Richard K. Belew



  • Finding Out About [R.K. Belew, Cambridge Univ. Press, 2000] has been assigned an ISBN = 0-521-63028-2
  • You can get it through the Cambridge University Press website
  • also knows about it.

    FOA "Users"

    That is, those of you who have already purchased copies of FOA: The FOA User Registration form I encourage you to register your copy. Benefits include:

    This information will be used only by me, and only for these FOA-reader-related purposes!

    Other FOA resources

    The following resources may be of some use:


    INSTRUCTORS interested in using FOA with classes should see the additional resources listed on the FOA instructors' page and for access to additional materials.


    People have been producing books, technical papers, judicial opinions, newspaper articles, and personal correspondence since before the printing press. But just as that technology changed what was produced and who could read it, computers and networks have much more recently transformed the way we can communicate with one another.

    This text is focused on the problem of "finding out about" (FOA): Identifying documents that help someone learn more about a topic of interest. "Information retrieval" (IR) is the name of a sub-discipline within computer science that has developed a number of core technologies for constructing a statistical characterization of words occurring in each document. This is used to efficiently search through very large textual corpora for documents that a user is likely to find "relevant." Construction of an IR "search engine" and evaluating its effectiveness will be our first focus.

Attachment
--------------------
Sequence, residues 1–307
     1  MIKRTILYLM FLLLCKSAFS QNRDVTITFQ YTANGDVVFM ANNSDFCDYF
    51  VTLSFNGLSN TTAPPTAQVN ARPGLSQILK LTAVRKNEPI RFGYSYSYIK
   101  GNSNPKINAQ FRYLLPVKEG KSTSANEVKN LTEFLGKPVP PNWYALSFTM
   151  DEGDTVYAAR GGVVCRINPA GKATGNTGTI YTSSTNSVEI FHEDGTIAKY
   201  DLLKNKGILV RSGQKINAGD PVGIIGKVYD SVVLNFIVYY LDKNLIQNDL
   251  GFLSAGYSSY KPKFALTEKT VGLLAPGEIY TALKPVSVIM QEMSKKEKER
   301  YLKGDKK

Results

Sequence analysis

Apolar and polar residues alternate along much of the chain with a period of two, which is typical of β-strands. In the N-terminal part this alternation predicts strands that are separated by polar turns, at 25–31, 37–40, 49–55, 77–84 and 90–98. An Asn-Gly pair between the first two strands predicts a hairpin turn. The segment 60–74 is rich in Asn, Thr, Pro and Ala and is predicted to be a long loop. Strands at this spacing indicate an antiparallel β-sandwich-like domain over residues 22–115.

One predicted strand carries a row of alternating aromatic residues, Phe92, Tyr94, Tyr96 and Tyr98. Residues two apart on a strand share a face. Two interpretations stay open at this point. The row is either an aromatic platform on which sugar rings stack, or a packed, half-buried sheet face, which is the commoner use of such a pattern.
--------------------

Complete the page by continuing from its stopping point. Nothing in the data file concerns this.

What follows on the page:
The recent confluence of Internet, HTML, WWW, browsers, agents, etc. technologies with the exploding range of digital media beyond text makes IR techniques essentially important to every computer scientist. These same changes have stretched traditional IR methods, and the second focus for the course moves to a number of advanced techniques that extend the basic IR search engine's capabilites. Chief among these are probabilistic and statistical methods shared with other areas of computer science, particularly machine learning. A second source is artificial intelligence, reasoning about the relations among keywords (thesauri, classification taxonomies), relations within documents (e.g., chapter/section/subsection structures, footnotes, prerequisites), and relations connecting documents to one another (citation), etc. Computational linguistics is a third, useful source of techniques for parsing sentences, identifying parts of speech, phrasal units, etc. We will also analyze the WWW and other recent innovations directly, to see which aspects of the FOA problem are changed by these new technologies, and which have remained the same.

    With these technical foundations in place, we consider two of the most intellectually difficult issues underlying the FOA problem. First, exactly what does it mean for language to "mean" something? Questions of semantics like this one have always been a central to a philosophy of language, but which variety of meaning concerns us most when we attempt to find documents "about" some topic? Second, what is the social context within which the FOA activity operates? How have economic, legal, political, etc. forces shaped the publication activity, and how are new technologies changing these social forces? The central premise of the FOA text is that it is possible to give students some "job skills" that are quite immediately rewarding and at the same time use this opportunity to acquaint them with some of the most exciting, intellectually stimulating and open questions of modern science and philosophy.

    Last modified by: 1 Sept 01